Title: Reflections on The Unfinished Revolutions in Computing
Abstract: 2019 marks the 50th anniversaries of the momentous events of 1968-1969 in the US. Martin Luther King and Robert Kennedy were assassinated. Hippie “flower power” and the closely related anti-Vietnam war movement were social revolutions. Against this turmoil, technology gave us hope. Neil Armstrong and Buzz Aldrin walked on the moon. Doug Engelbart and his team presented the “Mother of All Demos” of NLS at the ’68 Fall Joint Computer Conference. At the same conference, graphics pioneer Ivan Sutherland presented a paper on “a head-mounted three dimensional display.” These two landmark events launched revolutions in personal computing in very different ways, but each featuring interactive graphics, the focus of my research career. What I did not predict at the time is that 50 years later, the revolution in human-centered computing would remain unfinished, and that it is both unfinished and in jeopardy for technical as well as social reasons. I will interweave six technical visions and some of the visionaries that have inspired my research. My group and I have concentrated for the past decade on the natural intersection of interactive graphics used for human-computer interaction and hypertext. While these six visions can be characterized by catch phrases of well-known personalities, there are much earlier antecedents. I picked “Information at Your Fingertips”, Personal Computing, Information Management and Structures, “Connecting the World“, “UBIcomp”, and “Natural User Interfaces". To motivate the kind of system we should strive for, I will give a scenario of a device-independent integrated system encompassing key aspects of these visions that is seamless and ubietous (in the Buxton sense). Then I will talk about how far we still have to go in component technologies and integration to achieve that vision. Finally, I will connect these technical visions to largely unanticipated societal issues that I find that we as technologists must urgently help address.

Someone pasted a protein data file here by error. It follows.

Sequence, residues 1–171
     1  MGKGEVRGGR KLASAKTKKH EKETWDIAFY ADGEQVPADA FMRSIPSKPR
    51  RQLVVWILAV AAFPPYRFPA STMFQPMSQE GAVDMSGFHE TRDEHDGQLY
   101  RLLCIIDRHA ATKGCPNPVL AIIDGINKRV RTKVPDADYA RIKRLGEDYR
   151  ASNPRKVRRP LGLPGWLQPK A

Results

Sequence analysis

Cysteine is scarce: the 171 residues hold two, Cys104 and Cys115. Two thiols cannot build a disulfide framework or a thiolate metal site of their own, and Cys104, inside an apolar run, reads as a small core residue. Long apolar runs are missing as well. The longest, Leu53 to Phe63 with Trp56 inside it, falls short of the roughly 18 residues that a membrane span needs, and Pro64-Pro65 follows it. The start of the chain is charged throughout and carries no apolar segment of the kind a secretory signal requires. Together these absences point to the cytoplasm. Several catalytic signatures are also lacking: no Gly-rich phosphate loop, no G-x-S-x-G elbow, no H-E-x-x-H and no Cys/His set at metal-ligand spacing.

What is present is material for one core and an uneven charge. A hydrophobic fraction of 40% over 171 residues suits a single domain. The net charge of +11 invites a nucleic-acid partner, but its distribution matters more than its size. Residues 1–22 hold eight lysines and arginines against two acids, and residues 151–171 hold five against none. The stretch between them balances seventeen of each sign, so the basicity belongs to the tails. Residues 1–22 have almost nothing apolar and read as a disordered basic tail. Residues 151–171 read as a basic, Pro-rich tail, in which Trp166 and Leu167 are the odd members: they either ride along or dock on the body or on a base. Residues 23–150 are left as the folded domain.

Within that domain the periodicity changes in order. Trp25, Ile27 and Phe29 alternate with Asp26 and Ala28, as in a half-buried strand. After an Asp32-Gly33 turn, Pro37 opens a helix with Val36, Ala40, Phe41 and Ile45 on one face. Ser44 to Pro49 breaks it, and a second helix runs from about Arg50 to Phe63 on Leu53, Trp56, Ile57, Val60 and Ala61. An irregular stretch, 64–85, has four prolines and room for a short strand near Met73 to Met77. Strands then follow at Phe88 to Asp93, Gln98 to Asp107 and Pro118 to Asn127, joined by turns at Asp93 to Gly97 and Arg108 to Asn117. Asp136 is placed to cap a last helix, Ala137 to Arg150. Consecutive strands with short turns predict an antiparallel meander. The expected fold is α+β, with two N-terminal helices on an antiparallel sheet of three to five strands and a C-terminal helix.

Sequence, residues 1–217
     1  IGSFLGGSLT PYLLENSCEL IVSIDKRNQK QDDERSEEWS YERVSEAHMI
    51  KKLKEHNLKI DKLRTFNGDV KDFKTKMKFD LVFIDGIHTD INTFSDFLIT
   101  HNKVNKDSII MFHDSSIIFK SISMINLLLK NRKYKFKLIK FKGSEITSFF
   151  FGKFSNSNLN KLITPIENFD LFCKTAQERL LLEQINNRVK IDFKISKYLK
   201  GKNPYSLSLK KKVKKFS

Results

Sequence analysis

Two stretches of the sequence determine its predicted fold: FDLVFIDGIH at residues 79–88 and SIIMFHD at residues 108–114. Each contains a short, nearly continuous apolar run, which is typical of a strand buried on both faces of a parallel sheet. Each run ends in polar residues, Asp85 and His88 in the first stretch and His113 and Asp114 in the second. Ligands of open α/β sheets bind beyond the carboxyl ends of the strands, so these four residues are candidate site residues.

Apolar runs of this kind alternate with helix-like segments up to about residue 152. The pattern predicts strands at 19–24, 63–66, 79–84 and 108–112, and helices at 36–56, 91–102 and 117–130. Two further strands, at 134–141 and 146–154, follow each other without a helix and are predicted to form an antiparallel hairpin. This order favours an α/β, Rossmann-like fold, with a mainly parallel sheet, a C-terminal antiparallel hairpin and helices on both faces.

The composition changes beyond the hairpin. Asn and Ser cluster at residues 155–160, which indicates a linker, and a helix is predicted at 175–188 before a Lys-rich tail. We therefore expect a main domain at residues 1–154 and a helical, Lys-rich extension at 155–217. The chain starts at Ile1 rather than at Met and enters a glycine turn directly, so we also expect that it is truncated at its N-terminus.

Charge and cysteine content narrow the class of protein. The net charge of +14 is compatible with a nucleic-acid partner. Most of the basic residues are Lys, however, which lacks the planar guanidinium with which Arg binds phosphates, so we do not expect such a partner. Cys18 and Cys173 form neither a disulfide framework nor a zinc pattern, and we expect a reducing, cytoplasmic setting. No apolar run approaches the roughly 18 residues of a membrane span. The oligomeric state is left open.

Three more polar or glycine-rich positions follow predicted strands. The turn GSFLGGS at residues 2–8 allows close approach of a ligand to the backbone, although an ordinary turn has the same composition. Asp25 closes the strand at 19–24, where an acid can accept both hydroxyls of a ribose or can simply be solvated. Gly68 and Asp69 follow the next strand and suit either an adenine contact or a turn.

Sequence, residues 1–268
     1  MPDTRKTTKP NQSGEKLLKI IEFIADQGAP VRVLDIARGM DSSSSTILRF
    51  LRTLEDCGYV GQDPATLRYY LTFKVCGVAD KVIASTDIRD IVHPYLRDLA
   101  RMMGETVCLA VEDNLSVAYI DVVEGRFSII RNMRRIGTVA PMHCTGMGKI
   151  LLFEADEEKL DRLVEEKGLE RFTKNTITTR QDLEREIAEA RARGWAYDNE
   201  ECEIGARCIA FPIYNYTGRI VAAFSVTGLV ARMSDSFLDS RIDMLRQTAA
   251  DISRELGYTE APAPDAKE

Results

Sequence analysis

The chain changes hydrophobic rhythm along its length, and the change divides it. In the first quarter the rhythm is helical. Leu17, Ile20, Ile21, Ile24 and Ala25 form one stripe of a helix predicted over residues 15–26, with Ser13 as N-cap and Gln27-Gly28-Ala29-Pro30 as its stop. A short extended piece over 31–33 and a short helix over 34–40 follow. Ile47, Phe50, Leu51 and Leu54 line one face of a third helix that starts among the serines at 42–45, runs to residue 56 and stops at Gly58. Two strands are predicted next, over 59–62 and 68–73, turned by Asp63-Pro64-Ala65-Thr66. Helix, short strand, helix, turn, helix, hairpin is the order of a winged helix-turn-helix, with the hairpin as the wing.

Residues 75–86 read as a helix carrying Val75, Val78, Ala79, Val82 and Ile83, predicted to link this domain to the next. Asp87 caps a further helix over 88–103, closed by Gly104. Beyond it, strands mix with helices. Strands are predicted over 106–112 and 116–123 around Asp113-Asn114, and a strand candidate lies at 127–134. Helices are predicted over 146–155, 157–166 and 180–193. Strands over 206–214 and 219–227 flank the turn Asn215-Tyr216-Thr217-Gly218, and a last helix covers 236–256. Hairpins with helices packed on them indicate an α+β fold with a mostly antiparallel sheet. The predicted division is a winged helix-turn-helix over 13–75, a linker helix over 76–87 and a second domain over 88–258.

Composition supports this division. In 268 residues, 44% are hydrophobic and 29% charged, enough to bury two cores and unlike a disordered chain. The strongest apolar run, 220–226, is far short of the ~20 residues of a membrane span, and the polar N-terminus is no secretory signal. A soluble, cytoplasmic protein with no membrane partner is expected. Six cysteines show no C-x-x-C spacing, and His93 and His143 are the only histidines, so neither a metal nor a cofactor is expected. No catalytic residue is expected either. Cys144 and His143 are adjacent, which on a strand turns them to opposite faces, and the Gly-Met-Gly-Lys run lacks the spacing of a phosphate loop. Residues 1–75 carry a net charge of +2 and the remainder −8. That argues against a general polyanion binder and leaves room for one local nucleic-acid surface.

Bio: Andries van Dam is the Thomas J. Watson Jr. University Professor of Technology and Education and Professor of Computer Science at Brown University. He has been a member of Brown's faculty since 1965, was a co-founder of Brown's Computer Science Department and its first Chairman from 1979 to 1985, and was also Brown's first Vice President for Research from 2002 - 2006. His research includes work on computer graphics, hypermedia systems, post-WIMP and natural user interfaces (NUI), including pen- and touch-computing, and educational software. He has been involved for five decades with systems for creating and reading electronic books with interactive illustrations for use in teaching and research.In 1967 Prof. van Dam co-founded ACM SICGRAPH (the precursor of SIGGRAPH) and from 1985 through 1987 was Chairman of the Computing Research Association. He is a Fellow of ACM, IEEE, and AAAS, a member of the SIGGRAPH Academy, the National Academy of Engineering, and the American Academy of Arts & Sciences. He has received the ACM Karl V. Karlstrom Outstanding Educator Award, the SIGGRAPH Steven A. Coons Award for Outstanding Creative Contributions to Computer Graphics, and the IEEE Centennial Medal, and holds honorary doctorates from Darmstadt Technical University, Swarthmore College, the University of Waterloo, and ETH Zurich. He has authored or co-authored over 100 papers and nine books, including "Fundamentals of Interactive Computer Graphics" and three editions of "Computer Graphics: Principles and Practice".